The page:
Prince William ‘deeply saddened’ by ranger’s death, pleads for ‘swift justice’

Prince William has sent out a personal message after the death of a wildlife ranger in Africa, pleading for “swift justice”.

“I’m deeply saddened to learn of the killing of Anton Mzimba who I spoke to in November,” the Duke of Cambridge wrote in a tweet.

“Committed and brave, rangers like Anton are central to the conservation of Africa’s fantastic wildlife. Those responsible must swiftly be brought to justice.

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Prince William has sent out a personal message after the death of a wildlife ranger in Africa, pleading for “swift justice” (Victoria Jones/PA Wire)

“My thoughts are with his family. W”

The head ranger at Timbavati had been the subject of death threats, non-profit organization Helping Rhinos revealed when confirming news of his passing.

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“Anton Mzimba, was shot and killed outside of his home last night,” the organization tweeted on Wednesday.

“This follows recent death threats and highlights the daily threat facing rangers.

“Our deepest condolences to Anton’s loved ones and co-workers at this difficult time.”

Prince William spoke with Mzimba in a conference call on November 18, during a visit to Microsoft headquarters to hear about how technology was being used to disrupt the illegal wildlife trade.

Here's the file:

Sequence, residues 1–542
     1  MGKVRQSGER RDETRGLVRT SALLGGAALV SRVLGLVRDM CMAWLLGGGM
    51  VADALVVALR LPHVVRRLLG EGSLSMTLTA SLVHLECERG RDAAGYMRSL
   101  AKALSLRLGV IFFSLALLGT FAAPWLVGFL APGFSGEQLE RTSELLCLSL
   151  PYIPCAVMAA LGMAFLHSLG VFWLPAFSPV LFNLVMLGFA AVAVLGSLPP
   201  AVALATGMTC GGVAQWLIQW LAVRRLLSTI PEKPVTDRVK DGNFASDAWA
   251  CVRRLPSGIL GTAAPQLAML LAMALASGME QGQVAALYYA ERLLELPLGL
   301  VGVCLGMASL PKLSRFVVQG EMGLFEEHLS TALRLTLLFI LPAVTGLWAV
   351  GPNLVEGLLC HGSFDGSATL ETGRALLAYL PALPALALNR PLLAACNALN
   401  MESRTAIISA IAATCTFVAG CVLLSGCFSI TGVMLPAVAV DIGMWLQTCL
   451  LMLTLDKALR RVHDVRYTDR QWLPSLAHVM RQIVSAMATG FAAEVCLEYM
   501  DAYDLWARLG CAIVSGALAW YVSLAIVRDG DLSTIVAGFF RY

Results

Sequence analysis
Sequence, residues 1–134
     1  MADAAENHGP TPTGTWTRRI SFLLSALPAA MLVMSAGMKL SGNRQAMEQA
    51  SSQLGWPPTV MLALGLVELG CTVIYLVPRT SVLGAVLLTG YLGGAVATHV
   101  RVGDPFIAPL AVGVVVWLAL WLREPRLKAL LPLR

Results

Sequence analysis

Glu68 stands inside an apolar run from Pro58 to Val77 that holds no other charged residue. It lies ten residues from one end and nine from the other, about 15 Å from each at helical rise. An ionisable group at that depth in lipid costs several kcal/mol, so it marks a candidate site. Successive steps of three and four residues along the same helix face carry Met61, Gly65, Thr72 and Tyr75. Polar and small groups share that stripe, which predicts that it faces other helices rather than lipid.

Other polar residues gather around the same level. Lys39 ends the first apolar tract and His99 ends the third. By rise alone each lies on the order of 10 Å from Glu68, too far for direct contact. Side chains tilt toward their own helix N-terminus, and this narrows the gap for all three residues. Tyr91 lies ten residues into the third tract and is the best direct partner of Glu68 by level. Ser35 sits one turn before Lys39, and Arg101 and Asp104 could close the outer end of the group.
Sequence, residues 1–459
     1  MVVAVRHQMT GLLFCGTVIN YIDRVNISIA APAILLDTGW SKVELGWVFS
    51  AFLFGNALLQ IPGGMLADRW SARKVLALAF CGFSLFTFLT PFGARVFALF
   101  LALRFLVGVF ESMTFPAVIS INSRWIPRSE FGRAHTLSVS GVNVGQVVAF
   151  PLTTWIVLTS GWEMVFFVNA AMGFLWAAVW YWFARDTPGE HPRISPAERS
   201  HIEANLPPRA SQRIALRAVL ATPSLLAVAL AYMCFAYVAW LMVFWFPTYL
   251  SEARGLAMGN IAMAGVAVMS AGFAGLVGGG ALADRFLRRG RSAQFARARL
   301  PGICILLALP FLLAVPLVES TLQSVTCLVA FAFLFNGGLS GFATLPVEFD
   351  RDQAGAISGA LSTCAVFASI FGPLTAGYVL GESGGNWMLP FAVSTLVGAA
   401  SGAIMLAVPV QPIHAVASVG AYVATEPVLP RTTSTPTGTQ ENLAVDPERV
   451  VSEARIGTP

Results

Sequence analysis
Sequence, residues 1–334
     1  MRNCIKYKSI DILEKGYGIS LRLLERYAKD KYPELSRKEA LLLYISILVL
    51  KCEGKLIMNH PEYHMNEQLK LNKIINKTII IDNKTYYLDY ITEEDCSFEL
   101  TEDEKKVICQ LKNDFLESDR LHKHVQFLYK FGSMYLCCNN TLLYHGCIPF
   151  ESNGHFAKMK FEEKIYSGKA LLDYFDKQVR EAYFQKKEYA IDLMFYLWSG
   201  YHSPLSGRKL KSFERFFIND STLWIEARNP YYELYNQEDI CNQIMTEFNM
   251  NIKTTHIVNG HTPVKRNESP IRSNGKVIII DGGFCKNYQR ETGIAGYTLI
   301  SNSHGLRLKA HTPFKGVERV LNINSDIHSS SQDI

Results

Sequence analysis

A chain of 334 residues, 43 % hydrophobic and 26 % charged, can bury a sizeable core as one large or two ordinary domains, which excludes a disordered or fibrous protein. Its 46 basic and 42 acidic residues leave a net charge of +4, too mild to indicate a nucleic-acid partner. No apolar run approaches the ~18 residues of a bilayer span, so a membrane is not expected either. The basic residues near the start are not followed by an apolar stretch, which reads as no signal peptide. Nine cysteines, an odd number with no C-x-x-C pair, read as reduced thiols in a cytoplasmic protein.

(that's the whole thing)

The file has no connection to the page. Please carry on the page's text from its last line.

“What has been the effect of the pandemic on poaching, and on funding for you guys?” Prince William asked.

“Was there a spike in poaching?”

Mzimba emphasized poaching has been heavily involved with organized crime during the chat.

Prince William visits Microsoft UK headquarters
Prince William spoke with Mzimba in a conference call on November 18, during a visit to Microsoft Headquarters (Pool via Getty)

The Duke of Cambridge, through the Royal Foundation, founded United for Wildlife in 2014 and is passionate about stopping the trade.

“Like so many others, I am deeply saddened by the numbers of elephant, rhino and pangolin who have been illegally slaughtered for their tusks, horns and scales,” the Duke, who is also patron of the Royal African Society, said ahead of a visit to Africa in 2018.

“But the illegal wildlife trade also has a devastating human impact. Too many brave rangers are tragically killed each year by poachers.

“Communities see their tourist livelihoods threatened. This is why I am committed to doing what I can to help end this terrible, global crime.”

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